The CRA said that counties have now built their capacity to provide specialised healthcare and increased the treatment capabilities of their Level Five and Level Four hospitals, making it unnecessary to compel them to commit billions of shillings to the facilities.
The proposal, if adopted, spells an end to the controversial project in which the national government has over the last six years facilitated the leasing of specialised medical equipment in at least two Level Four hospitals in each county.
Counties have faulted the medical equipment leasing scheme, saying that they were forced to pay for equipment that is not based on the needs of their hospitals.
The leasing programme ends in June 2022, but the counties will have the option of wholly buying the equipment or ending the contracts.
“Once the contractual obligations under this scheme are over, this grant should be allocated to county governments as part of the equitable share. The funds will be used by the county governments to finance health operations and maintenance of equipment,” said the CRA.
The commission is also calling for an end to the conditional grant that national government has been giving to 11 Level Five hospitals across 11 counties as additional financing.
The CRA said the grant was only a stop-gap measure to enable other counties build their capacity to handle specialised treatment and this has now been achieved.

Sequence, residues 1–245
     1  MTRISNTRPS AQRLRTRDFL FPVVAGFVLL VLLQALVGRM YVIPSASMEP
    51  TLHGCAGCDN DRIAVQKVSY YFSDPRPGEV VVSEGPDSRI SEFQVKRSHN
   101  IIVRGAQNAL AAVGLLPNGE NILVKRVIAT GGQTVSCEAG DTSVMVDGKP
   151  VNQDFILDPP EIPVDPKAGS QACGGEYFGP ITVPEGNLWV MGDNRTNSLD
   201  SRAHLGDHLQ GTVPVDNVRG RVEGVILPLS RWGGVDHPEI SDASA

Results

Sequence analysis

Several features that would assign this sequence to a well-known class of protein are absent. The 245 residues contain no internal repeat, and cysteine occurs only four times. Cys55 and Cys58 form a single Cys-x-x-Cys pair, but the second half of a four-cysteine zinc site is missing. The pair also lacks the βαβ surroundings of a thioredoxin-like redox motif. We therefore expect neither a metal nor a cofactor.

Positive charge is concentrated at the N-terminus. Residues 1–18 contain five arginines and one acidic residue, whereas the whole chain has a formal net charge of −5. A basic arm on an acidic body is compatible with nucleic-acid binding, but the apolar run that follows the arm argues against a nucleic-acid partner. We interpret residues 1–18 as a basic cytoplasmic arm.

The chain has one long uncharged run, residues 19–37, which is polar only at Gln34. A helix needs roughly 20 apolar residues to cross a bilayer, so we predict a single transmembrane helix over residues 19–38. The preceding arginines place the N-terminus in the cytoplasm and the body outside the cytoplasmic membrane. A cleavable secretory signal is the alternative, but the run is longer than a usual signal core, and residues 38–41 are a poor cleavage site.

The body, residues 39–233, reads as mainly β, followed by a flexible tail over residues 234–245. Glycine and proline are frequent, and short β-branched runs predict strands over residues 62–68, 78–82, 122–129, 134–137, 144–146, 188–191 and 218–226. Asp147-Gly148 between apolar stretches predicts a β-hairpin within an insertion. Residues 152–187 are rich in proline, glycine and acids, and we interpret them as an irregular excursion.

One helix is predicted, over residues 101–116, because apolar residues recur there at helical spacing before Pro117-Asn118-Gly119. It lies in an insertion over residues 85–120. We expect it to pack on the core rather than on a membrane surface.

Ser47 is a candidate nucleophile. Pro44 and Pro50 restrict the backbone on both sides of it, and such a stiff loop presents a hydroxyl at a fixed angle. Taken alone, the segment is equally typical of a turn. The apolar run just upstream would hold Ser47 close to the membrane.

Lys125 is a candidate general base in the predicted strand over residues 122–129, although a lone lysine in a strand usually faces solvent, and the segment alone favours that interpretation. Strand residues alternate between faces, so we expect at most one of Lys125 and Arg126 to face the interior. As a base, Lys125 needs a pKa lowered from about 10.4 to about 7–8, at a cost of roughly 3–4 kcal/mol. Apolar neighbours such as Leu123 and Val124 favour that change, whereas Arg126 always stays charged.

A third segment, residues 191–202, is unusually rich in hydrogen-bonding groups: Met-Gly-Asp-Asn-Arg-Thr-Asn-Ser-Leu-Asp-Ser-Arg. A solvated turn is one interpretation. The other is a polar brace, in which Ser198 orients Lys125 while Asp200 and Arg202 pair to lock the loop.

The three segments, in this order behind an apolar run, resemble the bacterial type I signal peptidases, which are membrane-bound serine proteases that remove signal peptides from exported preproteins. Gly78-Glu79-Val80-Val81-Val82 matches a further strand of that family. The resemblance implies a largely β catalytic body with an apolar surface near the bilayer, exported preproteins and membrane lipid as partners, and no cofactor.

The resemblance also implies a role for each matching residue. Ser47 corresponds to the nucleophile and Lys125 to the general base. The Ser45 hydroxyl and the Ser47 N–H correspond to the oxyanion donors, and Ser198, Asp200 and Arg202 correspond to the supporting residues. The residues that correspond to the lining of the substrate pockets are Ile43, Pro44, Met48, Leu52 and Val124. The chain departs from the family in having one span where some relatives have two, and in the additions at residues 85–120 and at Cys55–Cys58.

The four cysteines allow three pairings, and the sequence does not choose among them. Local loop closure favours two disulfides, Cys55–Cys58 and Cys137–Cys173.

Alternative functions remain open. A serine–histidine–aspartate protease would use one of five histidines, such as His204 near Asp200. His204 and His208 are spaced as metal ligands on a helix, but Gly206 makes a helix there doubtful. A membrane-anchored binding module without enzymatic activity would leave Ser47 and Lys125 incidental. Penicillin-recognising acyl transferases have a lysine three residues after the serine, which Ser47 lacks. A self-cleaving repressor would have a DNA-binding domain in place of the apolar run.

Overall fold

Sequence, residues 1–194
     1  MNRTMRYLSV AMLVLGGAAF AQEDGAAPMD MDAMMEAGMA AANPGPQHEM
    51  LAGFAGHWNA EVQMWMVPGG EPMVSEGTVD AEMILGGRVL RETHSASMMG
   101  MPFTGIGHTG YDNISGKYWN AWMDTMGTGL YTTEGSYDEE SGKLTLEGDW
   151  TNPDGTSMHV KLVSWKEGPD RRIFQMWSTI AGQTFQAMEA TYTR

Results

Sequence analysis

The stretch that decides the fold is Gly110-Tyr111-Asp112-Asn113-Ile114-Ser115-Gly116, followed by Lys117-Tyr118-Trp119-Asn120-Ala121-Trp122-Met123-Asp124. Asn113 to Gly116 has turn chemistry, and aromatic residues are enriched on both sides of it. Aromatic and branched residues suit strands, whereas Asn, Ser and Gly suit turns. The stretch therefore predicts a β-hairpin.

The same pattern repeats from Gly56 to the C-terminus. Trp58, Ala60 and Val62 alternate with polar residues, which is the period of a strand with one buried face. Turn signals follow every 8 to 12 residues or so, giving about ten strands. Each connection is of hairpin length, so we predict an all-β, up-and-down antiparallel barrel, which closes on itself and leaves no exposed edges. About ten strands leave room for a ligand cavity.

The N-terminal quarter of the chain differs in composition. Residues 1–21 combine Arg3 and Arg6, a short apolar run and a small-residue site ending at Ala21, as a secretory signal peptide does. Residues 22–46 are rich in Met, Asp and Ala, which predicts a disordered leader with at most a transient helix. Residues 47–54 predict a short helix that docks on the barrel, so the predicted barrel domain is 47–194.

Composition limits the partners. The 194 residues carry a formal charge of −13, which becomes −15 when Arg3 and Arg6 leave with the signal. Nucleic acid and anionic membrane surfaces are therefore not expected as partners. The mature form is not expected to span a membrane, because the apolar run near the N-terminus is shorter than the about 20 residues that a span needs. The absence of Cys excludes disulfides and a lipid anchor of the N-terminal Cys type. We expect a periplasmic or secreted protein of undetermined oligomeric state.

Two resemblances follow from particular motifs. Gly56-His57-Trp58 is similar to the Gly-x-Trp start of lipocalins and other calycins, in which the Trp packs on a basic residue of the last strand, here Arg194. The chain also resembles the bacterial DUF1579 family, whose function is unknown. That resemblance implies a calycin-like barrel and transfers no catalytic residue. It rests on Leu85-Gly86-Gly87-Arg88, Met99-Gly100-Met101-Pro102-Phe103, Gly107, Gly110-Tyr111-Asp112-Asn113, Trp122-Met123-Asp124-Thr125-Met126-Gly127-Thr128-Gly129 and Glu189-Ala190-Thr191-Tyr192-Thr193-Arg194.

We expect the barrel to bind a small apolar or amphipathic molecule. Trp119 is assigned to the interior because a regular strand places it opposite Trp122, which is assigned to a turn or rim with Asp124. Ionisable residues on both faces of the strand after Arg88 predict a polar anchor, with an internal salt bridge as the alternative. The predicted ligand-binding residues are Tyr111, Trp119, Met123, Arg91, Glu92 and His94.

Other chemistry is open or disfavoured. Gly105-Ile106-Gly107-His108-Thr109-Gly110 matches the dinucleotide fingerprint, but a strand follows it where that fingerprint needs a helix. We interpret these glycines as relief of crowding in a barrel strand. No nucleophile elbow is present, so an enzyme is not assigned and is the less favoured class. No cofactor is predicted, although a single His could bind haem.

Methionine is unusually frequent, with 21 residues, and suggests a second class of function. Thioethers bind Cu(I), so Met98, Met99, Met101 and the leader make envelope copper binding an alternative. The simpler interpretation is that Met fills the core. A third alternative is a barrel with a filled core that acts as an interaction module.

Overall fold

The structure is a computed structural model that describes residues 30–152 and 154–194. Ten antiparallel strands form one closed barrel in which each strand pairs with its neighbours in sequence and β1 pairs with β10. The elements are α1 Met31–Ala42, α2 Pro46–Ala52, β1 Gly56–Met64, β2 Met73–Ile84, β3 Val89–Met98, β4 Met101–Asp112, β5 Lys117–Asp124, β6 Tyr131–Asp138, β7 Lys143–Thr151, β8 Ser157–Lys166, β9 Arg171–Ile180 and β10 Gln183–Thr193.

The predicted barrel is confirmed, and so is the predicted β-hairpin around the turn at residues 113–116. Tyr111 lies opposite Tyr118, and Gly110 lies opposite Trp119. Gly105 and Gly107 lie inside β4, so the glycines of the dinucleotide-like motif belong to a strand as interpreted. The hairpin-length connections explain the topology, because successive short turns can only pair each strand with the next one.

“Counties have built their capacity through the managed equipment scheme (MES) programme and individual county efforts to improve health services,” said the commission.
It reckons that third revenue sharing formula has now taken into account the health needs of counties as measured by the facility gap needs and inpatient and outpatient needs, eliminating the need for the conditional grant.
“The commission (therefore) recommends that Sh4.32 billion Level 5 conditional grant budgeted for financial year 2021/2022 be allocated to counties unconditionally,” said CRA.
In addition, the commission is proposing that the national government unconditionally allocate Sh900 million to counties per year as compensation for not charging user fees in public health facilities.
The Sh2 billion that the devolved government have been getting as conditional grants for pre-primary education, village polytechnics, home craft centres and children care facilities to be converted into unconditional allocations, according to the CRA.
The grant was meant to support county governments in equipping technical and vocational centres and capitation of student fees.
Counties will also start getting the 15 percent of the Road Maintenance Levy Fund as unconditional allocation, if the proposal is approved. The funds are meant for building new roads and maintain existing road networks across the country.
This will be a departure from the current practice where counties receive the allocation as conditional grant and will hand them Sh9.8 billion in the 2021/2022 financial year.
The grant was introduced in 2014/2015 to enhance and sustain county governments’ capacity to repair and maintain county roads.